CÉDULE 40 (Québec) evokes vernacular rural, agricultural, and playground vocabularies in Sous-terrain de jeu, an interactive garden in which visitors participate in the planting the garden, but the earth is not as collaborative.

In Bois de biais, Atelier le balto (Germany) reaffirms the force of vegetation alone to transform a space and advocates the garden as a place of movement and evolution.


Sous-terrain de jeu_Cédule 40_Quebec_Canada
Sous-terrain de jeu_Cédule 40_Quebec_Canada


Core Sample_North Design Office_Ontario_Canada
Core Sample_North Design Office_Ontario_Canada


In Core Sample, by North Design Office (Ontario), a grid of fabricated core samples filled with organic and non-organic materials collected from the region traverses the site, which is structured with beautiful grassy landforms.

Core Sample_North Design Office_Ontario_Canada
Core Sample_North Design Office_Ontario_Canada


Core Sample_North Design Office_Ontario_Canada
Core Sample_North Design Office_Ontario_Canada


Core Sample_North Design Office_Ontario_Canada
Core Sample_North Design Office_Ontario_Canada


L'effet désert_Bosses design_Quebec_Canada
L'effet désert_Bosses design_Quebec_Canada


Playing with the phonetics of the translation for “greenhouse effectBosses design (Québec) evokes the dramatic effects of climate change on our planet in L’effet désert.

In Safe Zone, by Stoss Landscape Urbanism (United-States), an array of commercial products designed for potentially dangerous situations are turned to whimsical uses.

Le jardin des Hespérides, by Cao - Perrot Studio (United-States and France), draws on the sounds, scents, and materials of Vietnam, Cao’s country of origin, while in its own way evoking the riverine landscape of the St. Lawrence. A traditional Vietnamese lantern looms oversized in a black reflecting pond.


L'effet désert_Bosses design_Quebec_Canada
L'effet désert_Bosses design_Quebec_Canada


L'effet désert_Bosses design_Quebec_Canada
L'effet désert_Bosses design_Quebec_Canada


Sous-terrain de jeu_Cédule 40_Quebec_Canada
Sous-terrain de jeu_Cédule 40_Quebec_Canada


And finally, the elegant and visually intriguing garden installations by Hal Ingberg (Québec) and Benjamin Aranda & Chris Lasch (United States) are being held over from previous editions.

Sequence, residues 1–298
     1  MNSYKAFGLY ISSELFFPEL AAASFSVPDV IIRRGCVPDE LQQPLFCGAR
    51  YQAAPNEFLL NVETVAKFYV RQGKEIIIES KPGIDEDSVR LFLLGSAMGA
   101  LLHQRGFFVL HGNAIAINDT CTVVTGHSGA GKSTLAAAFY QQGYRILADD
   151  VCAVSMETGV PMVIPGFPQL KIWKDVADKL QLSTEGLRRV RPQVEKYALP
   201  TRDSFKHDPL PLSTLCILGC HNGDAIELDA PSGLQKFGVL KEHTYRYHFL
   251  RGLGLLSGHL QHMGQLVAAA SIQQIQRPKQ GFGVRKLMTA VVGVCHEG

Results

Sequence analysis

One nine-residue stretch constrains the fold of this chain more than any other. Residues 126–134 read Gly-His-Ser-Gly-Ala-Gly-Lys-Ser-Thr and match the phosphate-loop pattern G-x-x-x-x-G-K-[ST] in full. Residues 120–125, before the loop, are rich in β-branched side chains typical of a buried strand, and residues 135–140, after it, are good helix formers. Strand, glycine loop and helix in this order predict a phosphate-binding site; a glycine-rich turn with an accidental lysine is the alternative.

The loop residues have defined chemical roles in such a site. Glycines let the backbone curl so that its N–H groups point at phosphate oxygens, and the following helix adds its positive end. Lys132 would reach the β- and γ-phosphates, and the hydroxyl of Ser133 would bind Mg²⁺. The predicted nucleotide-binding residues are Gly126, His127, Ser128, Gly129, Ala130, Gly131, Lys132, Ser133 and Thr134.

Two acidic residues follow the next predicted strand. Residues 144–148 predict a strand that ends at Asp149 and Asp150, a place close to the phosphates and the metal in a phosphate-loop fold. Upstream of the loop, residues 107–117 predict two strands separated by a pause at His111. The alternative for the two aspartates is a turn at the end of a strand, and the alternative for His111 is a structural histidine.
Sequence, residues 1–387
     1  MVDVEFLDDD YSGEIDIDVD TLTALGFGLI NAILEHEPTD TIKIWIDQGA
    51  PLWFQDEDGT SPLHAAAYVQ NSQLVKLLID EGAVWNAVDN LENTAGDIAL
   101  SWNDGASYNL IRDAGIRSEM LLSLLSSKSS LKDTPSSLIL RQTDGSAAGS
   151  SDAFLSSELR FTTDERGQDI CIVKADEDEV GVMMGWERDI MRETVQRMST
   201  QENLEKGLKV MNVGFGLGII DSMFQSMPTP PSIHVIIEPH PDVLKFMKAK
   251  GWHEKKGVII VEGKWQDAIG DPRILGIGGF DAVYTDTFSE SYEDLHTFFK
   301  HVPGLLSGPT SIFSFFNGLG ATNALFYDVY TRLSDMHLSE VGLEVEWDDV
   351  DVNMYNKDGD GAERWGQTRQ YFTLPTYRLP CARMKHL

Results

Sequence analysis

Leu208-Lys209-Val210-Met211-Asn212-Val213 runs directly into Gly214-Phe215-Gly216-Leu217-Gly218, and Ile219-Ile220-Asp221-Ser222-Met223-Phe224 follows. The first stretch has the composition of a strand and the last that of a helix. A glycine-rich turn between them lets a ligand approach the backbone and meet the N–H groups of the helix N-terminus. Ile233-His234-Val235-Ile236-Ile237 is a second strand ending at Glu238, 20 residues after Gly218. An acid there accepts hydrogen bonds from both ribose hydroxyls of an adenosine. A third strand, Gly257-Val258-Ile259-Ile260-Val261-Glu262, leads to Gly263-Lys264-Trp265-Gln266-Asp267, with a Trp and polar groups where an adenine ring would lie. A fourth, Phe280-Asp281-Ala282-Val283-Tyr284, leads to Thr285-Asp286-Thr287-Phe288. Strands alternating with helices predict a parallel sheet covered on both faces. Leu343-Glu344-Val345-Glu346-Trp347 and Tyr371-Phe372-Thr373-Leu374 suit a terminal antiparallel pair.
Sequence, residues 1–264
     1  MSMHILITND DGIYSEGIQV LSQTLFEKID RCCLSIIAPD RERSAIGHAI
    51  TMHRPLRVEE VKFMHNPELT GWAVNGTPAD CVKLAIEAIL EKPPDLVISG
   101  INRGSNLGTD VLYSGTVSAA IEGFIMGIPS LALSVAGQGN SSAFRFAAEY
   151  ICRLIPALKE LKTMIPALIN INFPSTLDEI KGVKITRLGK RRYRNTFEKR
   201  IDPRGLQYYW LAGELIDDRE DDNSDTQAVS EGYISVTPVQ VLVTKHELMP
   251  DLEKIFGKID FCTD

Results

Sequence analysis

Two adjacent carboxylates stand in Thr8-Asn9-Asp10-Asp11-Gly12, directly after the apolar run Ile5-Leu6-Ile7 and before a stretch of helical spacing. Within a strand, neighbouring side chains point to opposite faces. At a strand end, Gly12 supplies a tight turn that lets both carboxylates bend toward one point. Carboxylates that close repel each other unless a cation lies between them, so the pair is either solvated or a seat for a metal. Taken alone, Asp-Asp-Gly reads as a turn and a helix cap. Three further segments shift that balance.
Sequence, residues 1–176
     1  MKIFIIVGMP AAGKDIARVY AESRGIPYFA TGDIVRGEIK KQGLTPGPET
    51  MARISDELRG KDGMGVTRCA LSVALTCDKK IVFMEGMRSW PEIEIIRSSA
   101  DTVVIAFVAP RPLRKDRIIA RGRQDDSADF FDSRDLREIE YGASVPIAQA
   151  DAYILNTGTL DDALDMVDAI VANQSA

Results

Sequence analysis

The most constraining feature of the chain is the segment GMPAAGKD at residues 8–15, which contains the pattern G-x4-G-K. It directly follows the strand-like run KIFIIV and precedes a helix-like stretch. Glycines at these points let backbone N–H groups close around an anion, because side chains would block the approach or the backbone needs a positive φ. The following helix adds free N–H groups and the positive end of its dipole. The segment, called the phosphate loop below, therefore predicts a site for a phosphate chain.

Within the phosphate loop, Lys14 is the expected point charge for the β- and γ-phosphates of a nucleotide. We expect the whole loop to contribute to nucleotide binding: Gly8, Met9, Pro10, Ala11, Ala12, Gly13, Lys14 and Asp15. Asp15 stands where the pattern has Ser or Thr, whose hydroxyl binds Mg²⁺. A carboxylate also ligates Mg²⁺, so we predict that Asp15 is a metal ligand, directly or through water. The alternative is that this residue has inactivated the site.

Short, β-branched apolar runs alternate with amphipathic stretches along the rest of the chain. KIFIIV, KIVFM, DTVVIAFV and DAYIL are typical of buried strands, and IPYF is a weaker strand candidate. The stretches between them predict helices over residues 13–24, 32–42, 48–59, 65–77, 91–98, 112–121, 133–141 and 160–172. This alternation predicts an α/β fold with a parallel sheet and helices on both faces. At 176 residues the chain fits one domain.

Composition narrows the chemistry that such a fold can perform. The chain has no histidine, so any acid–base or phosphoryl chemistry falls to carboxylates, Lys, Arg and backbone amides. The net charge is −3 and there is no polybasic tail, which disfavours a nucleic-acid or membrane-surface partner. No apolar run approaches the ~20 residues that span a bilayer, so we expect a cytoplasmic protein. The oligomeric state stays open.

Sous-terrain de jeu_Cédule 40_Quebec_Canada
Sous-terrain de jeu_Cédule 40_Quebec_Canada


Sous-terrain de jeu_Cédule 40_Quebec_Canada
Sous-terrain de jeu_Cédule 40_Quebec_Canada


L'effet désert_Bosses design_Quebec_Canada
L'effet désert_Bosses design_Quebec_Canada


Les Jardins de Métis/Reford Gardens

Les Jardins de Métis are located on the shores of the St. Lawrence and Mitis rivers in eastern Québec. A national historic site, the gardens are one of North America’s premier garden and tourist destinations with as many as 100,000 visitors every summer. Created by Elsie Reford over a period of 30 years, they are a living testimony to her passion for gardening and plants. The gardens are open to the public daily from 2 June to 30 September 2007.

International Garden Festival

Launched in 2000, the International Garden Festival takes place on a site adjacent to the historic gardens. A unique forum for innovation and experimentation, the Festival presents temporary gardens created by Québec, Canadian, and international designers. This artistic event allows visitors to discover inspiring spaces bringing together the visual arts, architecture, design, the landscape, and nature.

Since its inaugural edition, the Festival has won several awards, including the National Post Design Exchange Awards, the Grand Prix du tourisme québécois, and the Société des musées québécois prize for the best exhibition. In addition, numerous gardens have received awards from the Institut de Design Montréal (IDM), the Ordre des architects du Québec, the Canadian Society of Landscape Architects, Canada Blooms, and the Design Exchange.

www.refordgardens.com